Tingle Monsters is both a horror film and an issue-driven film, but it struggles to blend these two elements together and really capitalize on the horror genre to communicate its message. It is interesting and innovative, (and this is certainly a minor critique) but the film’s creativity and the novelty of ASMR horror beg for a more nuanced message than the one that Tingle Monsters actually provides in the end. The film speaks to sexual harassment and violence against women, and the mysterious edge of the livestream has the potential to genuinely horrify the audience. However, it doesn’t quite live up to its potential. It builds plenty of suspense as the livestream comments foreshadow something dark to come while Dee narrates with her slow and ghostly whispers. But, in the end, the suspense gives way to overused visuals and a predictable moment of horror that robs the film of its chance to really make a statement. Tingle Monsters certainly doesn’t need a gory bloodbath or excessive violence against its final (and only) girl in order to make its point, but the images it uses are entirely too familiar, making it difficult to take the ending seriously.
However, Tingle Monsters is aware of its disappointing ending, addressing it via the final comments from Dee’s subscribers, who are also unimpressed. These comments add another layer to the short’s meaning, leaving the audience with an unsettled feeling and plenty to discuss. While, again, the film’s message may be extremely straightforward as Dee’s viewers spell out their sexism for the audience to see, this layer of self-awareness protects the film, in a way, from becoming a halfhearted anti-harassment PSA.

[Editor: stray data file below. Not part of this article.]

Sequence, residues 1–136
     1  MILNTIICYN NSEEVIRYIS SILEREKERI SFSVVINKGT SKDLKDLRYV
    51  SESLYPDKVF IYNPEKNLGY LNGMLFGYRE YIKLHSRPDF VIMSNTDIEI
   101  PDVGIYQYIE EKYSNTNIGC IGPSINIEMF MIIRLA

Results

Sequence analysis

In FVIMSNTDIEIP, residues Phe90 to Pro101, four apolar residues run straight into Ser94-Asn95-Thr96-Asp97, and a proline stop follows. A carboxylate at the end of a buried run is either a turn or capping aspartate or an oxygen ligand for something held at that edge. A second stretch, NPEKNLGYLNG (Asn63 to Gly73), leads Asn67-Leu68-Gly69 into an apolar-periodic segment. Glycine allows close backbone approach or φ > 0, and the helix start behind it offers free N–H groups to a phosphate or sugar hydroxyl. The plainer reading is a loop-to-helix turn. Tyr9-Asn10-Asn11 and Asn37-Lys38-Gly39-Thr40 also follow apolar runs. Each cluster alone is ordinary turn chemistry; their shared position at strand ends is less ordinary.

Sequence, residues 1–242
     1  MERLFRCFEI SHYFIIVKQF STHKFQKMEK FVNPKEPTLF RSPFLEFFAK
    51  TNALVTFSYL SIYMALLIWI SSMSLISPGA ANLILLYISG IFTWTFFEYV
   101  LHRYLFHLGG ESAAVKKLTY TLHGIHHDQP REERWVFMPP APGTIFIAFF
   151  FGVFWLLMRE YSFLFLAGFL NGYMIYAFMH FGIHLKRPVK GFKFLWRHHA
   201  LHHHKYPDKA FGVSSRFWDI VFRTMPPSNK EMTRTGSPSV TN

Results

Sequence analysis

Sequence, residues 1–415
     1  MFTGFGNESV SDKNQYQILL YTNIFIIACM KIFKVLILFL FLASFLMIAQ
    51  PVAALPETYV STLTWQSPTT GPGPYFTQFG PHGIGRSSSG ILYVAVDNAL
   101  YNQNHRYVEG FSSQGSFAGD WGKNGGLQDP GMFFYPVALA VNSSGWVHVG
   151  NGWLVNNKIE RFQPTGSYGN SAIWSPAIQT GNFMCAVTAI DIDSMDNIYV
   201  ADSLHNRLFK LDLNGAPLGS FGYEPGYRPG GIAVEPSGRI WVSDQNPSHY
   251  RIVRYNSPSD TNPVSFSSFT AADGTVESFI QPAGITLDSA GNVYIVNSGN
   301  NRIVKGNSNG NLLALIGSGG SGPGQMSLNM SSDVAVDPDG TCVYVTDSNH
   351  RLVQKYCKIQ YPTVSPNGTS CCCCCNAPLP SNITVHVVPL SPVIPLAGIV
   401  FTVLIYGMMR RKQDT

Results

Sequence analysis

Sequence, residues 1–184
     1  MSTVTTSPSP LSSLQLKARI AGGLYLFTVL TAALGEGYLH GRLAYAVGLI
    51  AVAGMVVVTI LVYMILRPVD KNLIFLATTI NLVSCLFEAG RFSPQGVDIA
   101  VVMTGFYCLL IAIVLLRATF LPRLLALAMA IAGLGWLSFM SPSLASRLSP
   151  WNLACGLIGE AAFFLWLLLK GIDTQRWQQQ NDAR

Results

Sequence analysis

It is also important to note that, as the final comments remind us, Tingle Monsters is not shot from Dee’s perspective. The incident is captured entirely through the eyes and ears of Dee’s subscribers. This is initially frustrating since the film seeks to highlight the stories of women who have experienced violence and harassment, but, then again, the same story from Dee’s perspective would defeat the purpose of the livestream format and require a different set of techniques to build suspense. What makes Tingle Monsters interesting is that rather than telling its audience what to think, it provides its audience with a sort of ethical independence, pointing to the exciting potential for the internet horror subgenre.
"Our embodied spectator, possibly perverse in her fantasies and diverse in her experience, possesses agency...finally, she must now be held accountable for it."
Film Lover | Writer |
Cat Mom | Member, North Carolina Film Critics Association | Contributor, Elements of Madness | MA Cinema and Media Studies, University of Chicago '19 | BA English, Gardner-Webb University '18